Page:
Bertha Rogers reading at Poets Speak Loud at McGeary's in Albany, NY

Poets Speak Loud!, August 26

I had been away for the weekend for some perfect beach time on Cape Ann but managed to arrive at McGeary’s backroom just in time for the start of the open mic, with il papa/el presidente Thom Francis (who very obviously was not Mary Panza) as our host.

When I arrived Sylvia Barnard was just introducing her 3-poems-in-1 “Trilogy,” each part gets it’s own introduction, about a recent vacation trip on the Danube River with her daughter. Joe Krausman read his versions/re-workings of 2 nursery stories, Jack & Jill & the Bible. Naddi hadn’t been here in a couple years but is back in town & treated us to 2 untitled poems, the first perhaps a love poem, the 2nd clearly a love poem, but to candy & chocolate.

Amy Schock has been away from the poetry reading scene even longer & was back with a couple of musical, rhyming pieces like song lyrics, “Barter,” & “But I Do Love You.” In contrast, Brian Dorn, who usually rhymes, gave us “23 Reasons Why This Poem Doesn’t Rhyme.”

Our featured poet was Bertha Rogers, the doyen of poetry in Delaware County where she oversees the Bright Hill Literary Center & publishes poetry under the imprint of Bright Hill Press, along with her husband Ernie Fishman. Most of the poems she read can be found in her 2010 collection Heart Turned Back (Salmon Poetry). This included the childhood memory “The First Time” & the revenge poem “When You Were Dead.” From a series of dog poems (the book is dedicated to the memory of 3 “dog-friends”) she read “The Old Dog’s Lament” & “Dog Girl Tells the Truth.” Among others were “Black Rock Forest” with its allusion to the demise of Nelson Rockefeller, “For the Girl Buried in the Peat Bog” which is a prayer for her preservation, & the New York City memory “Truman & Me.” She also read the ekphrastic sestina “Klee’s Wandering Off” & ended with a poem on the passing of Time, “Change Places.” It was a real treat that she made the long trek from Treadwell to downtown Albany to share with us a rich selection of her entertaining, thoughtful poetry.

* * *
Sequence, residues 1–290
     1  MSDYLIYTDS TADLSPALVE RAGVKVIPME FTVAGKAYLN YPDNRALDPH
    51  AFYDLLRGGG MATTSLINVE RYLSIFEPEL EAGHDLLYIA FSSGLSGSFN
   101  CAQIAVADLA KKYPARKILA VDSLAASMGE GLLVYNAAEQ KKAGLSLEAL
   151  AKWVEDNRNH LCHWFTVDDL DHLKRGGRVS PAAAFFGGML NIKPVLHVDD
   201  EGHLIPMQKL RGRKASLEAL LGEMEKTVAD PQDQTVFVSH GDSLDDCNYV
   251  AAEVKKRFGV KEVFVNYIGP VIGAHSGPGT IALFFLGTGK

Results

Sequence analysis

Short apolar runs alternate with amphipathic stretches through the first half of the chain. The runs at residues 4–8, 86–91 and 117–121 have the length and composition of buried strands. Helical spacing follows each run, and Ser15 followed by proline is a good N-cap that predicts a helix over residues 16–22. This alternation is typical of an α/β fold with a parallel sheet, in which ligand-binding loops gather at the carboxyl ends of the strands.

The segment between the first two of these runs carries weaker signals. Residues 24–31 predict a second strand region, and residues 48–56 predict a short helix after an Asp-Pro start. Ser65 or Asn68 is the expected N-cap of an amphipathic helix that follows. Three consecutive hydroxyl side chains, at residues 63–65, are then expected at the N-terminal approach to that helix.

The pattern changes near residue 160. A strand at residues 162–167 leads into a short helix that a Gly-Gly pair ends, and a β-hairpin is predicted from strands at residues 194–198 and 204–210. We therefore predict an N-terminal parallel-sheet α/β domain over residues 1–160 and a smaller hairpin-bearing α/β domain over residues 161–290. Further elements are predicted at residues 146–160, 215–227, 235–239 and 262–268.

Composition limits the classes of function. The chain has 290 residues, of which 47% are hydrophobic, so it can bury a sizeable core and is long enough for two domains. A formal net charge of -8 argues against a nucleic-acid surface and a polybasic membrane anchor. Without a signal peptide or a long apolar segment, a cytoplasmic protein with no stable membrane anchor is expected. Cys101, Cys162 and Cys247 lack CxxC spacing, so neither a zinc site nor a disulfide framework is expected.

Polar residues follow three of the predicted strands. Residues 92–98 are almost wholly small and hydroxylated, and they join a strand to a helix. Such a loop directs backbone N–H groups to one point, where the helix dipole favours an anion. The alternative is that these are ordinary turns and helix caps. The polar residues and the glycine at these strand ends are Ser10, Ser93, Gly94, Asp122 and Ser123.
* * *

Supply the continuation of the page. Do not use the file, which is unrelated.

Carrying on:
Tim Verhaegen was a breeze from a different direction with a look into his past on Long Island, “Old People” & “Letters.” Our host Thom Francis took his turn with a poem on leaving, “Why I Look Out Windows.” Bless was also back among us with a recitation of his philosophical piece “The Perfect Life.” Since I’d gotten there late, I ended up on the bottom of the list & read a poem with a nod to Cape Ann, “Marsden Hartley’s Eyes” & 2 short segments from the longer, on-going “Counting Moons.”

Poets Speak Loud! is a production of It is held on the last Monday of each month at McGeary’s on Clinton Square in Albany, NY & is usually hosted by Mary Panza — an open mic with a featured poet, not to mention great food & drinks & lovely waitresses & bartenders.